The Middle of the End (zengaya) wrote in a_carton,
The Middle of the End
zengaya
a_carton

Hey guys, got some poems.

Specific feedback is always appreciated, but since I'm showing more than one poem I'm down with just some general feedback and maybe a little pointing out of lines and phrases that make you think, "what this nigga be talkin bout?!"

Looking out my window

An old man is going
for his morning run.
His pace is hard
and steady,
his feet like
hammers
nailing down the street.
His hair is gray with age
and shines
like steel
in the early sun.
His chest falls and rises
like a boxer who won't
give up.
His sweat marches
into his eyes and down
the worn roads of his
wrinkles and
he doesn't give
a damn.
His fists are clenched.

It's in his eyes.
A sharp refusal.
A gorilla beating its chest.
A warrior raising his axe.

He is not running away
from death
he is running
towards
it.




At the swapmeet

Shanties
of car radios,
boomboxes,
frayed sweaters.
Babies in strollers
waving churros
and cheap toys.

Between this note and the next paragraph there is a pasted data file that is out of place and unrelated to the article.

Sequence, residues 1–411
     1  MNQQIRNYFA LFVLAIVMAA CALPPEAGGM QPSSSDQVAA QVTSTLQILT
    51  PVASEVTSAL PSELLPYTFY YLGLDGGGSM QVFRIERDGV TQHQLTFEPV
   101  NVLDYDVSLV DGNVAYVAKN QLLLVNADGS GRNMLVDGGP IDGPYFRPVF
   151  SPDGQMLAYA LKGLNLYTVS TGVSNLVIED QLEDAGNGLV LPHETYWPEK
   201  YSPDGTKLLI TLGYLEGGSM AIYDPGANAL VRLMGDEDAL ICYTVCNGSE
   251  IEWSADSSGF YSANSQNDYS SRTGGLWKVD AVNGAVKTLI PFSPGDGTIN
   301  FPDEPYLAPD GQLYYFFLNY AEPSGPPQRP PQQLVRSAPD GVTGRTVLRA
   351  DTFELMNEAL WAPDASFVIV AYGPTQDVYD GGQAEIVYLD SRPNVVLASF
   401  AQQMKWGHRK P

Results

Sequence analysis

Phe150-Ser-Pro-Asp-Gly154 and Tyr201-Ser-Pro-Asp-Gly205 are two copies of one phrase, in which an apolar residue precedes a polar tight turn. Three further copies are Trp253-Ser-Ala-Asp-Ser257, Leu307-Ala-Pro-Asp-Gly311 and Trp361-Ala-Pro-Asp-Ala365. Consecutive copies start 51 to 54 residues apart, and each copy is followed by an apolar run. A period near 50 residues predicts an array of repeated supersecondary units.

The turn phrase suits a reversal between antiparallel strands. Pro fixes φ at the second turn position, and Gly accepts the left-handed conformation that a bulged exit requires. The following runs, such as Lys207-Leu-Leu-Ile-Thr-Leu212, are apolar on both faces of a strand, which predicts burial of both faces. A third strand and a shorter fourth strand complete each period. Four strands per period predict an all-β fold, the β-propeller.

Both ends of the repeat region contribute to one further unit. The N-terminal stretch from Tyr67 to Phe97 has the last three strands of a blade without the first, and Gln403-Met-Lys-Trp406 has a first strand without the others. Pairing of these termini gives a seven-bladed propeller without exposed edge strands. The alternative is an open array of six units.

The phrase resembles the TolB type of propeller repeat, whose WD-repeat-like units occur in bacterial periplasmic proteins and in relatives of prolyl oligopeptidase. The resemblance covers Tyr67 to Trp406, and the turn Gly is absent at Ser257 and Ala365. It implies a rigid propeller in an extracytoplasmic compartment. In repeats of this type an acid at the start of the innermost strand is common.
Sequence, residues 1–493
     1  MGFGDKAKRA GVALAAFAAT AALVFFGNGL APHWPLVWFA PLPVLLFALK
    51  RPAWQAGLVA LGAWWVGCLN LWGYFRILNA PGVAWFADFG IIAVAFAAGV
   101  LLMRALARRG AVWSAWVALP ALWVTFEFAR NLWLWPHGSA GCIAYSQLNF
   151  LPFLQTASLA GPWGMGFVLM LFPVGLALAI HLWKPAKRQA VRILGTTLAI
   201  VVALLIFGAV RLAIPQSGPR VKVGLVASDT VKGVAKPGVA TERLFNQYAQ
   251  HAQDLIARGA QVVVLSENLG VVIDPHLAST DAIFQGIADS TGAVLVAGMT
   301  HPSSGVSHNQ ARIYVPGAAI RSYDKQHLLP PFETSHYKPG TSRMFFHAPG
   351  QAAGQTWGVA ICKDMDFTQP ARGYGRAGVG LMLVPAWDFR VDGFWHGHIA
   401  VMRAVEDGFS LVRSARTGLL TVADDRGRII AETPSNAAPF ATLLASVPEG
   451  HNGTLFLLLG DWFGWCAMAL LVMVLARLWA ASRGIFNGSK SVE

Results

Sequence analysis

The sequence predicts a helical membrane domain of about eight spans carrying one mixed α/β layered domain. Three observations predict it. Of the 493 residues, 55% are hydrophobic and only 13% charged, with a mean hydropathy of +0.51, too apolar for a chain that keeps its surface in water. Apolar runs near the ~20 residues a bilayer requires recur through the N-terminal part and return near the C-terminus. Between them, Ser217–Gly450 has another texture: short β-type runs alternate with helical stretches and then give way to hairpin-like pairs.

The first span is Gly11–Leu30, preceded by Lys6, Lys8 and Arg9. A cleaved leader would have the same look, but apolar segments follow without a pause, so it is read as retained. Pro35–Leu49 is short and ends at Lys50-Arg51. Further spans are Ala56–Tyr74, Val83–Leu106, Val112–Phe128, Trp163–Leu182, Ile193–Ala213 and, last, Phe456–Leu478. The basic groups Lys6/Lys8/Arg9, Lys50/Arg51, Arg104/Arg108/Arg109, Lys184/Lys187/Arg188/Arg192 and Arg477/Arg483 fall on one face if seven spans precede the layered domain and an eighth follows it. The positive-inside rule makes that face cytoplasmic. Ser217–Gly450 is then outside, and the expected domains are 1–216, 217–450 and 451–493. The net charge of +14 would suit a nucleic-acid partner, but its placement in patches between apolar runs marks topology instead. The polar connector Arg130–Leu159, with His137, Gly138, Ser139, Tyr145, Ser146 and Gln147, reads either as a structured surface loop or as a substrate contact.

Leather belts
and buckles
with marijuana
leaves.
Men with yellow teeth
and open
mouths.
Hammers and naked
barbie dolls.
Ugly women digging
through ugly piles
of bundled socks,
stolen shoes,
second hand dresses.
Two dollars
for sunglasses,
for a broken watch
for someone's
Nintendo games.
They are selling
and they
are buying
and you wonder
if it is hard
for all of them
and you study the ponies.
They are beaten
and dull
and
walking
in slow circles
while the children
cling to their manes
and laugh.
They are too stupid
to escape,
and worse,
they are chained.
And you wonder
as a little girl
cries and runs away
from her mother
and as you wonder
you bargain for
someone's
used books
and you walk past
the Raider jackets
and the bootleg dvds
and you wonder.
I drove here
in a new car
that glinted like
a silver dollar in the
morning sun
and look at these people,
these dusty people
in their dusty jeans
and their dusty flannel shirts
and their eyes
like pieces of coal
and their children clinging
to their legs,
look,
they
are walking
in slow circles.



Checking my bag

The woman checking reciepts
stopped me as I was leaving
and asked to see
what was in the sports bag
slung over my shoulder.

I opened it.

She found two books
by Jack Gilbert and one
by Bukowski.
Some crumpled philosophy essays.
Some notes
on how a person can
be happy.

Alright, you can go, she said,
finding nothing of interest,

and I left slowly,
wishing she had.


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